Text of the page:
National Biosecurity Surveillance Review - New Zealand
In 2002, Prime Consulting International Ltd was contracted by the New Zealand Ministry of Agriculture and Forestry to undertake a comprehensive review of New Zealand’s biosecurity surveillance programmes.
The purpose was to evaluate the status of New Zealand’s surveillance systems and make recommendations for their further improvement.
Key parameters considered were the ability of surveillance systems to:
- Facilitate the early detection of new organisms, pests or diseases, and enable eradication options to be pursued if required;
- Enable demonstration of freedom from certain organisms to support market access requirements of importing countries for export products;
- Provide essential background information on pest and disease status for use in developing Import Health Standards; and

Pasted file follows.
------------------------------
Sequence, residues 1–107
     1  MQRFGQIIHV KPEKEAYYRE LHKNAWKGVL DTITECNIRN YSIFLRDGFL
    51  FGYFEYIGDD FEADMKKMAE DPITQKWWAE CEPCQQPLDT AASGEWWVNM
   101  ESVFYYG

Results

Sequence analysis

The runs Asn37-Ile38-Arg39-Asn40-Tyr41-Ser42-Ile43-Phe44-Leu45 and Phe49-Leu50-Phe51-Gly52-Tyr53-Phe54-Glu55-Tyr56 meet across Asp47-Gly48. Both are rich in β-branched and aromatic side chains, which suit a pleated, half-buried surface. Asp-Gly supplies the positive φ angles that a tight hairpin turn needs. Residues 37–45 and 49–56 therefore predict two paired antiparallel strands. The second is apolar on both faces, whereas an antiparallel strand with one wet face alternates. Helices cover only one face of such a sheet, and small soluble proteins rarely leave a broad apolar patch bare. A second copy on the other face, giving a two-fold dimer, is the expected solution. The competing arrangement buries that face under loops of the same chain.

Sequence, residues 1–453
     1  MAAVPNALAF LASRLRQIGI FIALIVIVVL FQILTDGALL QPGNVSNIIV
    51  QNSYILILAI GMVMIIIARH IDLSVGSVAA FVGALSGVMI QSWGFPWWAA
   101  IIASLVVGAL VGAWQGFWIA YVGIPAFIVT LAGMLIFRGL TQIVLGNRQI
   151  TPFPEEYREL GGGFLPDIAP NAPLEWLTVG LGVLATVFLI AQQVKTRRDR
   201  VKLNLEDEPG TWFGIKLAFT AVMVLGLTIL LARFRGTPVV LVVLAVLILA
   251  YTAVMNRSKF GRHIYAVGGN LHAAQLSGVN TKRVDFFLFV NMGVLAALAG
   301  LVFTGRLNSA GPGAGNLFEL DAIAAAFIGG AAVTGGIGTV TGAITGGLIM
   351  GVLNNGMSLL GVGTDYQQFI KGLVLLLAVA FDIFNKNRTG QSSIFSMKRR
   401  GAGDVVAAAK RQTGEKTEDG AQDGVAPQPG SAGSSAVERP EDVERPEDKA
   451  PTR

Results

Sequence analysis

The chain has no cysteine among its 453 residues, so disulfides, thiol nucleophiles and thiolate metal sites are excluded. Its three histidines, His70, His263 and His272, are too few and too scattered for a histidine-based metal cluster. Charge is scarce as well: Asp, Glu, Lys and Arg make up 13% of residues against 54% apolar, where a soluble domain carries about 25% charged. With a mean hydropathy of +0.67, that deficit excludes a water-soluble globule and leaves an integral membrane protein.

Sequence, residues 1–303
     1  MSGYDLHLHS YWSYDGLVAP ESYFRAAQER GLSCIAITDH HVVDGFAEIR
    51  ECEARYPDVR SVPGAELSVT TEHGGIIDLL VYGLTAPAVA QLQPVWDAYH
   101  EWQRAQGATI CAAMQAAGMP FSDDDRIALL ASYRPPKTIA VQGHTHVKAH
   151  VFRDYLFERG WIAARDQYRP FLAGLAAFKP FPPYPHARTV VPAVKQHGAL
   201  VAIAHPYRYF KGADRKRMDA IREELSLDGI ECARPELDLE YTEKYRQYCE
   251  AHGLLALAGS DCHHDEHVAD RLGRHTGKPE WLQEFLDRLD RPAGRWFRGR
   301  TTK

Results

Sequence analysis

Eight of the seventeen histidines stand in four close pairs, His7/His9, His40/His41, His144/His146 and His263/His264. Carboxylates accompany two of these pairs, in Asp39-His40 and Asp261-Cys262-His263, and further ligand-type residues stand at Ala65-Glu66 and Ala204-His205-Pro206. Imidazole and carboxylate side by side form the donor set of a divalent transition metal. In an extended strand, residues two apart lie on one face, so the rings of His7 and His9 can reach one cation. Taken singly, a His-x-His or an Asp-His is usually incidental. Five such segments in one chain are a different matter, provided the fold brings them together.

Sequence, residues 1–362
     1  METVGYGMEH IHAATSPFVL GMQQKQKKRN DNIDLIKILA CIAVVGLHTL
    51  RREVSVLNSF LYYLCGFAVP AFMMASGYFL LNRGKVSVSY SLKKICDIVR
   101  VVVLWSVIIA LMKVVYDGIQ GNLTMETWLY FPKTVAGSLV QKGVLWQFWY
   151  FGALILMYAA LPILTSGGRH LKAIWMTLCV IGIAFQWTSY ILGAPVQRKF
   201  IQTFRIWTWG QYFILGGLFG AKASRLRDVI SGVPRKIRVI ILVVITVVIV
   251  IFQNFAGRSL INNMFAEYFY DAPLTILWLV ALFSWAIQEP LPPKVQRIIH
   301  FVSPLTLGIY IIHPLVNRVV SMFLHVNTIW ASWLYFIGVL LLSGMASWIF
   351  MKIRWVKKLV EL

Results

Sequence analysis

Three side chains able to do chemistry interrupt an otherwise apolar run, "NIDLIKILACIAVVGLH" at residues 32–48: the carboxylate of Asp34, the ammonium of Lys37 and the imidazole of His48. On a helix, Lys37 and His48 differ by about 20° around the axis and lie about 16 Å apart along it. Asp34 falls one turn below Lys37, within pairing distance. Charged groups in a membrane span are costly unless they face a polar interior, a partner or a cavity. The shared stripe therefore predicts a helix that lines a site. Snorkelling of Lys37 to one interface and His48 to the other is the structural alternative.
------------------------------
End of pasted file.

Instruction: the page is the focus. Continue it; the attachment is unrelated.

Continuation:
- Track the spread of harmful organisms within the country as the basis for determining an appropriate response.
The biosecurity review was broad-based, covering the marine, freshwater and terrestrial environments, the country’s extensive commercial agriculture, fishing and forestry industries and indigenous biodiversity. It required extensive consultation and information gathering across a wide range of government agencies as well as with industry sectors and research scientists.
The 12-month project also considered funding options for surveillance and an economic decision-making framework was developed for determining funding priorities.
Recommendations were made covering all aspects of New Zealand’s biosecurity surveillance system. These 98 recommendations formed the basis of work subsequently carried out over the past 13 years to improve and strengthen the system, as part of New Zealand’s overall Biosecurity Strategy.
A copy of the Prime report is available at www.biosecurity.govt.nz/pests-diseases/surveillance-review/index.htm
Prime team members involved:
- Alan Pearson
- Grant Jeffrey
- Inputs also from John Hellstrom, Bruce Simpson, Brian Milne, Roger Lough, Pat Dale, NIWA, Landcare Research and Nimmo-Bell & Company Ltd